October 27, 2017, ©. Leeham Co: In this and the following Corners, we will review the competition for first manned flight between Samuel Langley, high ranking scientist of Allegheny Observatory in Pittsburgh, and the Wright Brothers, bicycle manufacturers in Dayton, (OH).
We described in the last Corner how Langley researched airfoil characteristics with a giant whirling arm, built beside the Observatory. The Wright Brothers went another route; they built a wind tunnel in their workshop.
Wilbur and Orville Wright had a small bicycle manufacturing shop in Dayton. The brothers were intelligent, disciplined and inventive. They got interested in manned flight from reading about Lilienthal’s glider activities in Berlin.
In 1899, Wilbur wrote to the Smithsonian Institution and requested a list of all relevant literature on flight. The secretary of the Smithsonian sent Wilbur references to available reports and books. Among them was “Progress in Flying Machines” by Octave Chanute (published 1894). It summarized the aeronautical knowledge of the time and included excerpts from Lilienthal’s articles that he published in German aeronautical journals.
Chanute was in contact with the Wrights over the years and kept them informed about new information, like the publication of Langley’s Experiments in Aerodynamics 1902. Wilbur Wright read the reports and books and compared it to their own experiences with their gliders. A lot didn’t fit.
The Wrights decided to measure all parameters themselves, as they no longer trusted what was in the reports. And with good reason. A critical parameter, used by many at the time, was the coefficient for air pressure working on a flat plate perpendicular to the air stream. Smeaton had measured the coefficient with a whirling arm in 1759. He publicized this to have a coefficient of 0.005. The correct value (with the units he used) was 0.0029, a fault of 72%!
The Wrights designed a wind tunnel (Figure 1) to do their own aerodynamic measurements. It wasn’t the first wind tunnel. The first was built in the UK in 1871, beside the Greenwich observatory, by Francis Whenham. He measured the forces of angled flat plates placed in a 3m by 0.5*0.5m tunnel, where a fan drove the air to 20m/s. As the tunnel was not baffled to get a non-turbulent stream and the measurement was made with coil spring balances, the data was not very reliable.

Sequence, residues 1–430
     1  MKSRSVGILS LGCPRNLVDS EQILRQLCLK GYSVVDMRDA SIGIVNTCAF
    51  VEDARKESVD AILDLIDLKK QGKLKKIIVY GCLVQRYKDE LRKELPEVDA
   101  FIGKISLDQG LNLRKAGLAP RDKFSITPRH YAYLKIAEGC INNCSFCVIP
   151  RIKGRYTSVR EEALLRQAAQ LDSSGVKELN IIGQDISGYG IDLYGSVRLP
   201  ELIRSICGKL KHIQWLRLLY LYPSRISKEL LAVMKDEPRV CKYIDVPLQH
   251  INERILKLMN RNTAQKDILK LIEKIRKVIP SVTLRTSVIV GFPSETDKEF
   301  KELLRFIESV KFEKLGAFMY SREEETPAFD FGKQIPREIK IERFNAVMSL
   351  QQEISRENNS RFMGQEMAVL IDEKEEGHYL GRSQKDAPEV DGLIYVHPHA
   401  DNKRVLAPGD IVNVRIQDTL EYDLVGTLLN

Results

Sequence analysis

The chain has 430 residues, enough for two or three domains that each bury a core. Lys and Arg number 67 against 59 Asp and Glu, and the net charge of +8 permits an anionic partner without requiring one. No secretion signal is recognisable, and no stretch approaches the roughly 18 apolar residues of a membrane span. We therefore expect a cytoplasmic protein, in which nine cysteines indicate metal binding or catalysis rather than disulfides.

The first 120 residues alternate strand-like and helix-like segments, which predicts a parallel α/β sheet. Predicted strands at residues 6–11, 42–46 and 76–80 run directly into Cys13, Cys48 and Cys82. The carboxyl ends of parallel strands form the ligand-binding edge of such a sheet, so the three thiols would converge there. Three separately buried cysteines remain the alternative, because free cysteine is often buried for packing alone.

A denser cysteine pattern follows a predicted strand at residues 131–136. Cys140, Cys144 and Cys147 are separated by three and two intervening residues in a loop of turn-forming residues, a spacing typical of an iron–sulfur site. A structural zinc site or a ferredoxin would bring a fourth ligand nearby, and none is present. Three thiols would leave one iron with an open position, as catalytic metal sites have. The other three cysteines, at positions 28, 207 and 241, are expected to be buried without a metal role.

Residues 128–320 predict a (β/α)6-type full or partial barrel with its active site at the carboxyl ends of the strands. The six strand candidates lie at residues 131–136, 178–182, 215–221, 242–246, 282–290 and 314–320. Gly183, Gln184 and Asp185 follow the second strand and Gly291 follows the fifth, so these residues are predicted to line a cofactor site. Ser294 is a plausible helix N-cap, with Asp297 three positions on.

Wenham made some important discoveries, however. He found the center of lift was concentrated to 1/4 of the cord from the leading edge of the plate. Therefore, he suggested it was a waste to make the cord long; it was better to make a wide and narrow plate, i.e., give the plate a high aspect ratio.
Langley made the same discovery and wrote about it in his 1902 book, Experiments in Aerodynamics. Chanute sent the Wrights this book but by then they had decided not to trust others, better to do the fundamental research themselves. They can’t be blamed for not taking Langley’s findings to heart.
While Langley was right about the superiority of higher aspect ratio plates in the book, a lot of other stuff was suspect. Langley advocated the use of flat plates, despite his visit to Lilienthal in Berlin in 1895 and what he learned about the higher lift with curved profiles (Langley didn’t think highly of Lilienthal). He advocated the use of flat plates, as he was convinced lift came from air colliding with the bottom side, pushing the wing up.
The flow over the top was non-important, despite his test with cambered airfoils showing better lift to drag ratio. He also pushed his “inverse” drag law (see last Corner) as universal and a big discovery.
The Wright brothers by now were convinced. The way out of the contradicting information received through Chanute was to do their own basic research. The wind tunnel was similar to Whenham’s (they had access to his work and later wind tunnel tests by Horatio Phillips).
The tunnel made of wood was 1.8m (6ft) long, 0.46m (18in) wide and 0.46m (18in) high. Its fan was driven by the workshops 1hp gasoline engine via belt drive, it could get the air up to 13m/s (30mph). To get a non-circulating air at the windowed measurement section at the back, it was baffled internally.
In this tunnel, the Wrights placed their research objects on a measurement balance of very smart design. We will talk about why in the next Corner.